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Educational Research: Theory and Practice

Volume 33, Issue 2, 2022

Editor: Bob Ives

ISSN: 2637-8965

Teacher Learning and Professional Development During the COVID-19 Pandemic: A Descriptive Study

Mahmut Kalman — Gaziantep University, Turkey
Barış Kalender — Gaziantep University, Turkey
Burak Cesur — Gaziantep University, Turkey

Abstract: The present study aimed at revealing classroom teachers’ perceptions and experiences of their learning and professional development (LPD) during the COVID-19 pandemic. A cross-sectional survey design was utilized. Three questionnaires and several open-ended questions were used to collect data from teachers. A total of 441 classroom teachers participated in the study from various provinces across Turkey. The results indicated that classroom teachers attempted to participate in LPD activities during the pandemic. A need-based perspective was adopted in teachers’ endeavors to enhance their LPD. Despite some challenges including the lack of technological means, infrastructural inadequacies, and negative psychological effects, the process was fruitful for most of the participating teachers.

Reference: 

Kalman, M.; Kalender, B. & Cesur, B. (2022). Teacher learning and professional development during the COVID-19 pandemic: A descriptive study. Educational Research: Theory and Practice, 33(2), 1-22.

License: Attribution 4.0 International

Play as a Medium for Children’s Learning from Parents’ Perspectives

Sara K. Moon-Seo — Rogers State University, USA
Sonya E. Munsell — Rogers State University, USA

Abstract: Parents are children’s first educators. Parents influence children’s cognitive, physical, social and emotional development from an early age. This qualitative study explored parents’ perceptions of children’s play through semi-structured interviews. Interviews were audio-recorded and analyzed using open coding. Themes emerged related to the positive and negative aspects of play. Some of the positive aspects of play parents mentioned included play providing opportunities for exploration and creativity, social interaction, and a fun, worry-free, and relaxed learning context. Potential negative consequences of play included rough play leading to injuries. Other potential negative aspects of play parents mentioned were imitating bad behaviors during play and engaging in too much screen time play.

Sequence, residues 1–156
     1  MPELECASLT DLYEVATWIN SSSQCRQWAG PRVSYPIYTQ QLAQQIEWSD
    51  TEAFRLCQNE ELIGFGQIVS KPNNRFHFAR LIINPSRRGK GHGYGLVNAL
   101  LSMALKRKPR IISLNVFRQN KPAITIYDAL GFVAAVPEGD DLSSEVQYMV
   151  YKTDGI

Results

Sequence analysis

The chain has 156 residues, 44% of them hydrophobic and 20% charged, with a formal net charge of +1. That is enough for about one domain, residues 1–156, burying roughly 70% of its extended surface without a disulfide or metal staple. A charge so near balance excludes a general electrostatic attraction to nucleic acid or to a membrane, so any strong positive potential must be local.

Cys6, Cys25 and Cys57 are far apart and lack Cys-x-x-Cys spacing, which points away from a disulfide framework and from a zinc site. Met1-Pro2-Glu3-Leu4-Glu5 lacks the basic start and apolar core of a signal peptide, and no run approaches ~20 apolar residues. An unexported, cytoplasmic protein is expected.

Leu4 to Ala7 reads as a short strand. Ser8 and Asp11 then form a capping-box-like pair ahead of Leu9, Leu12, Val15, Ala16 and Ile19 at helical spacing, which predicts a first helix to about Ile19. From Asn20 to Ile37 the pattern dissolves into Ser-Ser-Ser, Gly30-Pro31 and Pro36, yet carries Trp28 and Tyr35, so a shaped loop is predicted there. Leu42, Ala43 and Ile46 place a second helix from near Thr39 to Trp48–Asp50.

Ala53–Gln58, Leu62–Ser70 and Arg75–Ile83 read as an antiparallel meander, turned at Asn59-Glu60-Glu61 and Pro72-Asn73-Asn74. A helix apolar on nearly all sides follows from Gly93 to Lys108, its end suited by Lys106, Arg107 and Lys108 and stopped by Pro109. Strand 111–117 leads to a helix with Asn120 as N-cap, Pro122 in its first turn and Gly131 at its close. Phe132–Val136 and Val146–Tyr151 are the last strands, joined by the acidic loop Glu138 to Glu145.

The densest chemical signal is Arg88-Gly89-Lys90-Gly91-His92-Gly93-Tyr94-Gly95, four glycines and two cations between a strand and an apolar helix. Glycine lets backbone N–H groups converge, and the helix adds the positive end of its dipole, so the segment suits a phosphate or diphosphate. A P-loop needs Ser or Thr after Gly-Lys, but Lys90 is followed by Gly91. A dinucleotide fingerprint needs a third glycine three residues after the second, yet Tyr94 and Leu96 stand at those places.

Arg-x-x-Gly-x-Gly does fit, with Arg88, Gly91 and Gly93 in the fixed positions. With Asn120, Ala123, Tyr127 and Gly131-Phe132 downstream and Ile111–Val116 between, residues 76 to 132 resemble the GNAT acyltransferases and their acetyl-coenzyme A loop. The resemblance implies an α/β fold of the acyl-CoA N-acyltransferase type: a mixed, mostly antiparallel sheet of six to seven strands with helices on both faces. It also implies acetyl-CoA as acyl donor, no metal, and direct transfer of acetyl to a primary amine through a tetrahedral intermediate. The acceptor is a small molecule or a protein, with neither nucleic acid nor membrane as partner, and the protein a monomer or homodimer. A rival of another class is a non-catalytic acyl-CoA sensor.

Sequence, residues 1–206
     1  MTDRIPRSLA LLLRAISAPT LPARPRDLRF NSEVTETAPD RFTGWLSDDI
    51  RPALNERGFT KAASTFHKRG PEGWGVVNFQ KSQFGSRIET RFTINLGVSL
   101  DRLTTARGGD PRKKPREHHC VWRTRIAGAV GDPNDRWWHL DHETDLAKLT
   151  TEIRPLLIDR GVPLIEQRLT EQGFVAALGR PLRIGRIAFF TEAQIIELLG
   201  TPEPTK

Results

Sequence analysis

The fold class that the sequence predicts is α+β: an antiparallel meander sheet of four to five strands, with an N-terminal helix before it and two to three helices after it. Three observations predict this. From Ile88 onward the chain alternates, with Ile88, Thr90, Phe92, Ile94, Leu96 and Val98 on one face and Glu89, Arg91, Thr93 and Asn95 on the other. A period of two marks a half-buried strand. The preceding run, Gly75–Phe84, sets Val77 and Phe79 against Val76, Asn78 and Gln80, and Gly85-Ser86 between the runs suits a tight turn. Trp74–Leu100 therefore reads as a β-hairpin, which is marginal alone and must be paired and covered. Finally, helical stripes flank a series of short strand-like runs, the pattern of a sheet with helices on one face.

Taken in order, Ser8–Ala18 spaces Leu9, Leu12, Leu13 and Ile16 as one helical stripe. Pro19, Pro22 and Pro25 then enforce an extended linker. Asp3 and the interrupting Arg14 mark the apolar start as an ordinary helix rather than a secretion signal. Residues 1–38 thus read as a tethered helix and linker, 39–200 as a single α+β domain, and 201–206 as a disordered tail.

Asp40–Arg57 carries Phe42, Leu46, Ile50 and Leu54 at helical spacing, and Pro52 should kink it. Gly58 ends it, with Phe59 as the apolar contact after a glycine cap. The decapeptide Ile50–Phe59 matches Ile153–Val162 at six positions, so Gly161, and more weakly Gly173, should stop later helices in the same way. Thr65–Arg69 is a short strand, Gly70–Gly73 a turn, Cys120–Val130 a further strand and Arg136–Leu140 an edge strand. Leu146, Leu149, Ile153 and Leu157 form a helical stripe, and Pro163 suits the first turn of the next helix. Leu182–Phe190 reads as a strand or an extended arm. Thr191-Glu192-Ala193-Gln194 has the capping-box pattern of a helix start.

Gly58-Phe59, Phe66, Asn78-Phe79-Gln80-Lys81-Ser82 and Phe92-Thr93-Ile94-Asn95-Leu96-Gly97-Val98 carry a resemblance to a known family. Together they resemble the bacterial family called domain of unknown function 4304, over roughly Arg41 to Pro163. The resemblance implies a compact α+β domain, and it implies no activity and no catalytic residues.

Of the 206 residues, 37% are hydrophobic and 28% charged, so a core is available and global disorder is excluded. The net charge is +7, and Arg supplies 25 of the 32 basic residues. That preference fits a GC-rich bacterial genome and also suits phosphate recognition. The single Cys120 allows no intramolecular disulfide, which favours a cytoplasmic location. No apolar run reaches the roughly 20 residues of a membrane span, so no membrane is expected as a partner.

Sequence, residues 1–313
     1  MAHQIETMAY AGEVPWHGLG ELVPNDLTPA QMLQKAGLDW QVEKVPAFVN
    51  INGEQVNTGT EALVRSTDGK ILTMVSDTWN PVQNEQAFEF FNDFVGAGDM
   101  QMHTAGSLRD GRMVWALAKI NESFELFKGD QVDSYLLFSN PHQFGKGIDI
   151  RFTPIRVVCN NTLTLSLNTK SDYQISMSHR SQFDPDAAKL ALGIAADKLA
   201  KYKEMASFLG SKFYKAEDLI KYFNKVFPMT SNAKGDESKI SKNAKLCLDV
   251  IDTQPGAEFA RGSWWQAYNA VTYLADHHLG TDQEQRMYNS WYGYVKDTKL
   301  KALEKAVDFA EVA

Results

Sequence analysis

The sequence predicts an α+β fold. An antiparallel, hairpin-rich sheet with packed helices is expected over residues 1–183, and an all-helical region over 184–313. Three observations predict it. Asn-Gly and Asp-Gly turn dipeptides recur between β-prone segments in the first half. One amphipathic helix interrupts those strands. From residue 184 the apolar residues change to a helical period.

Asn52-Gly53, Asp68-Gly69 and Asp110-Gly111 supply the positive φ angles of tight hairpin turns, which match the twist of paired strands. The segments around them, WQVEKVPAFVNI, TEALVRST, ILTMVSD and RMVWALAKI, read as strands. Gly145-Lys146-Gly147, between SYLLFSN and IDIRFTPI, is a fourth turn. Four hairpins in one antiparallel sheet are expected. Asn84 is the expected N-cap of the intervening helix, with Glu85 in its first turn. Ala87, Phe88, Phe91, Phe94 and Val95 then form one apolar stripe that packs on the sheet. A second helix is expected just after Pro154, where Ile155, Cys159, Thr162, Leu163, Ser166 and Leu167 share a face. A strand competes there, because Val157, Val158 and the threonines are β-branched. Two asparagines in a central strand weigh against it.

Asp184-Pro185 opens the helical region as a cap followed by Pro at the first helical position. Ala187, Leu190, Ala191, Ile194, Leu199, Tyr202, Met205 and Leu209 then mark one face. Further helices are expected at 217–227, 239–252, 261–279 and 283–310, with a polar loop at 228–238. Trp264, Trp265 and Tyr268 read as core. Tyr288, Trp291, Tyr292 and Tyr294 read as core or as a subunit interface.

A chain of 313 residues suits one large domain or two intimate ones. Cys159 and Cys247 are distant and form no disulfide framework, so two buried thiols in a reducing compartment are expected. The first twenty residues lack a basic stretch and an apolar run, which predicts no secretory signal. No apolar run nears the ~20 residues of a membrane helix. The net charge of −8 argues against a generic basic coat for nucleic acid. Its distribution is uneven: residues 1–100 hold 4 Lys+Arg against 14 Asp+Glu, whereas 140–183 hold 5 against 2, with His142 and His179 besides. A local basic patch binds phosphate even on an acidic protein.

Reference: 

Moon-Seo, S. K. & Munsell, S. E. (2022). Play as a medium for children’s learning from parents’ perspectives. Educational Research: Theory and Practice, 33(2), 23-31.

License: Attribution 4.0 International

The Relationship among Reading, Math, and Science Achievement: Exploring the Growth Trajectories over Three Time Points

Holly Roof — University of Denver, USA
Lilian Chimuma — University of Denver, USA

Abstract: Science, Technology, Engineering, and Math (STEM) education is considered critical and valid for the modern workforce which is strongly enveloped in technology. Therefore, it is imperative to reinforce science and math education and knowledge among students early in their educations. Despite this understanding, most research has focused on the importance of mathematics and emphasized its role in science education. Research highlights the relationships between math and science fluency in students’ education at a specific point in time (Fleischman et al., 2010). Furthermore, reading has been strongly linked to success in math and also science achievement. However, few studies have examined the relationships among reading, math, and science simultaneously. Given that research identifies reading as a strong predictor for both math and science, it is necessary to explore how ability and achievement in these two subjects is influenced by reading in the early years of school.

Reference: 

Roof, H. & Chimuma, L. (2022). The relationship among reading, math and science achievement: Exploring the growth trajectories over three time points. Educational Research: Theory and Practice, 33(2), 32-49.

License: Attribution 4.0 International

How Students at a University in Florida Experienced and Coped with COVID-Related Restrictions

Peter R. Reuter — Florida Gulf Coast University, USA
Bridget L. Forster — Florida Gulf Coast University, USA
Bethany J. Kruger — Florida Gulf Coast University, USA